Lets me pass but doesnt print the right thing on the console


this is the part of the code that we needed to write for this specific exercise.
it prints on the console "Bob Jones
Mary Jones". Howver Mary's last name is Johnson, so it should not print her out.

/*Create a search function
then call it passing "Jones"*/
var search = function(lastName) {
    var contactsLength = contacts.length;
    for(var i = 0; i < contactsLength;i++) {
        if(contacts[i].lastName = lastName) {


This may be related to the SCT and how it checks the exercise. As long as your code is correct, and what you expect to print is printing first, you may ignore the extra output.


in the if statement try this


so by changing the = to ===, i get the right result. Is that because === checks for an exact solution, while = does not? thanks!


Sincle = is an assignment operator, whereas == and === are for comparisons.


computer is dumb its doesnt understand if you just assign = so everytime its=== within the brackets....


@mtf ya exactly you are correct....


So you now can envision how an assignment works?


LS <= RS

The Left Side becomes a reference to the object on the Right Side, whence referred will yield up that object or value.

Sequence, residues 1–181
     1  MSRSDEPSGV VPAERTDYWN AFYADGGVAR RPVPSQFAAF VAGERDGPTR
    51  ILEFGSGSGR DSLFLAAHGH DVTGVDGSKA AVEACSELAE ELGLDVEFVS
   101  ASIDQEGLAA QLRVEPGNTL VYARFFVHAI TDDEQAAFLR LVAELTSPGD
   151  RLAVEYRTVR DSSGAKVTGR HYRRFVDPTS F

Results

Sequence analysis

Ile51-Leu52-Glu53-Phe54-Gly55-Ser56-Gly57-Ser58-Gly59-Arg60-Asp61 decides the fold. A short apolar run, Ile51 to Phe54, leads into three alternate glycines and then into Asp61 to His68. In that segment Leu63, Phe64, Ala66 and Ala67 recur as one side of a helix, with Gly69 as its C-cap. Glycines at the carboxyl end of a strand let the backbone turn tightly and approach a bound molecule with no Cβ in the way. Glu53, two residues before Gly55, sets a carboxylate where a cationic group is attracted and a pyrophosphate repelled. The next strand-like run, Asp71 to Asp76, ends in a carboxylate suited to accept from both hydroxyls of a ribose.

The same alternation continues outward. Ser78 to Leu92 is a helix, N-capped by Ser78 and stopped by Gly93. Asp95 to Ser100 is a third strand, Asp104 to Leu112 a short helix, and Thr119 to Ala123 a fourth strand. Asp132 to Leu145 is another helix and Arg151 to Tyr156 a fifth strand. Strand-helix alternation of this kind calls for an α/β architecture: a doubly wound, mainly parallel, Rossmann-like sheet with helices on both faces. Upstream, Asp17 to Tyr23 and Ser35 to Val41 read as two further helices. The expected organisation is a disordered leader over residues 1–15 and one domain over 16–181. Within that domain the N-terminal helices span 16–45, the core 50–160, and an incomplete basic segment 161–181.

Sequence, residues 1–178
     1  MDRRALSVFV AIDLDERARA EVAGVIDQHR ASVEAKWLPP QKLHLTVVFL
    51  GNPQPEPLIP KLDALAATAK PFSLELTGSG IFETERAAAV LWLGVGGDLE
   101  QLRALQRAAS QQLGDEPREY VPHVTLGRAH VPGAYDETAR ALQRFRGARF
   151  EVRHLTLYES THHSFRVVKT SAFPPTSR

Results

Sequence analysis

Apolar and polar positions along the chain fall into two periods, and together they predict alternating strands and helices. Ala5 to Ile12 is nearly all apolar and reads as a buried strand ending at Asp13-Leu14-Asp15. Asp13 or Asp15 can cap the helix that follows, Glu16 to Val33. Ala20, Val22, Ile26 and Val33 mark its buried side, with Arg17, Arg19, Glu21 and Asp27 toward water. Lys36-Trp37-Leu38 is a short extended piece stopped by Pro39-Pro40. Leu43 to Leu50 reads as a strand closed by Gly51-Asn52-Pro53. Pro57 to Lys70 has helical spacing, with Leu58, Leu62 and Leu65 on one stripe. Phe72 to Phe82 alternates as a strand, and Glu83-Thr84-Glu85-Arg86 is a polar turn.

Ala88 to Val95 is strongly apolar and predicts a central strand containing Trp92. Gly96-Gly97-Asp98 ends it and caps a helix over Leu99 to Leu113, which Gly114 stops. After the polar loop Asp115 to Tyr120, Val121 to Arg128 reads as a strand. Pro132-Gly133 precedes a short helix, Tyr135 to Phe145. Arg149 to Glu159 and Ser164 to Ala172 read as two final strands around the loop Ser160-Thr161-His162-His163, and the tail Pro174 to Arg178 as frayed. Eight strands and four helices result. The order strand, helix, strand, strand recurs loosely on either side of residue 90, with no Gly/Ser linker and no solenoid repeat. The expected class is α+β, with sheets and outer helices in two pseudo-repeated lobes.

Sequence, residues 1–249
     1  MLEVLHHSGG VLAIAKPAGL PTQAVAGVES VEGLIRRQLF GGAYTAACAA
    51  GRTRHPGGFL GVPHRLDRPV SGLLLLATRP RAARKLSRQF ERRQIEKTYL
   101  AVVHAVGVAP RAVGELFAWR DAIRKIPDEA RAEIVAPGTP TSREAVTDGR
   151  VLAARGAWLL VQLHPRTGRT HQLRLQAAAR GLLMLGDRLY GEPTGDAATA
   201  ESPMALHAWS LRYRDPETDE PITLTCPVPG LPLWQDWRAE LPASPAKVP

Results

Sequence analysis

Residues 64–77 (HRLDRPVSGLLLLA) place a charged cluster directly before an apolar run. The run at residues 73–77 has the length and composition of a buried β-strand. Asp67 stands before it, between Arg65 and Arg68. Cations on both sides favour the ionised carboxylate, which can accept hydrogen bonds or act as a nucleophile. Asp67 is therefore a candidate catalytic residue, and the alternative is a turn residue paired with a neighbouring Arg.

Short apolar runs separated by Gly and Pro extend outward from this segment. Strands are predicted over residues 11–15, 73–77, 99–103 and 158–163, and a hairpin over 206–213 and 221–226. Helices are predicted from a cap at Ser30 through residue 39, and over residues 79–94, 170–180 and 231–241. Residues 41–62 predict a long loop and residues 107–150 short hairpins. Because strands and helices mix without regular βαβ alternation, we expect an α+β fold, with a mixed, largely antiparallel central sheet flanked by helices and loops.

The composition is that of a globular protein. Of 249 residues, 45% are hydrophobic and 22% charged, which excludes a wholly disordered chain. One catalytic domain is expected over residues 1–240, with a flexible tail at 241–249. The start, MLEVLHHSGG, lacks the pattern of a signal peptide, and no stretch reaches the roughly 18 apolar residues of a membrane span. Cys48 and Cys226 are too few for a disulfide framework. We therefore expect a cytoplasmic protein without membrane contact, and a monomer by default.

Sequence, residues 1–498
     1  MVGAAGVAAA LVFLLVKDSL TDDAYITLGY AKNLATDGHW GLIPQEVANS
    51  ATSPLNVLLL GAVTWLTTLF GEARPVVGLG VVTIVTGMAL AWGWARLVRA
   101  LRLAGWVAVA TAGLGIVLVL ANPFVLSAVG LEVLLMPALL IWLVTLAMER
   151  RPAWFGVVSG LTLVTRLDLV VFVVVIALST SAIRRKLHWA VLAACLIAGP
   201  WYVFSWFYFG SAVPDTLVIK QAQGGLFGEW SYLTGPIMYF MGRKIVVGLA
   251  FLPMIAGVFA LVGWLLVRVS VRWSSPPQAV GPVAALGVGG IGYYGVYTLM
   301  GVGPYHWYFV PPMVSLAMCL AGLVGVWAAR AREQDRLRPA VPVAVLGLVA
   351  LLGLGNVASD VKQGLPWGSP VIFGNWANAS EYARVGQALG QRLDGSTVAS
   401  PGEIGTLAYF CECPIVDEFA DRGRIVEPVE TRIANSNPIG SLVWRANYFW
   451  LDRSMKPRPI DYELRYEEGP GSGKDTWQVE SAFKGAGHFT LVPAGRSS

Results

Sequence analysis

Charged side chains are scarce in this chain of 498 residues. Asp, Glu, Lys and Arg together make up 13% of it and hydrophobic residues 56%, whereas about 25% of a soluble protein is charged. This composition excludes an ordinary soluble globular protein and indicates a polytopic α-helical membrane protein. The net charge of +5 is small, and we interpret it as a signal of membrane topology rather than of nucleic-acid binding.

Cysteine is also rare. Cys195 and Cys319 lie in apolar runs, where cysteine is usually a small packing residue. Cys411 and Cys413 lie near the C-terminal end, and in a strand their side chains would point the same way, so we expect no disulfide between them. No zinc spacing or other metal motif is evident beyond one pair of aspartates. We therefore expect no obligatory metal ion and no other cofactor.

var a = Math.PI;
console.log(a, a.toFixed(2));  // 3.141592653589793 '3.14'

We have outputted two different values from the same reference. A direct reference, a and an indirect anonymous reference, a.toFixed(2).

Notice that the indirect reference has the method referring the variable? This gives rise to a new anonymous object, a string converted from the rounded value of a set to two decimal places.

Now let's do some comparisons.

console.log(+a.toFixed(2) == a.toFixed(2));   // true
console.log(+a.toFixed(2) === a.toFixed(2));  // false

The latter is a strict type match comparison. The type on each side is different so yields false. For the former, JavaScript massages the two operands into the same type, known as type coercion so there is a possibly of equality.

==    equality
===   identity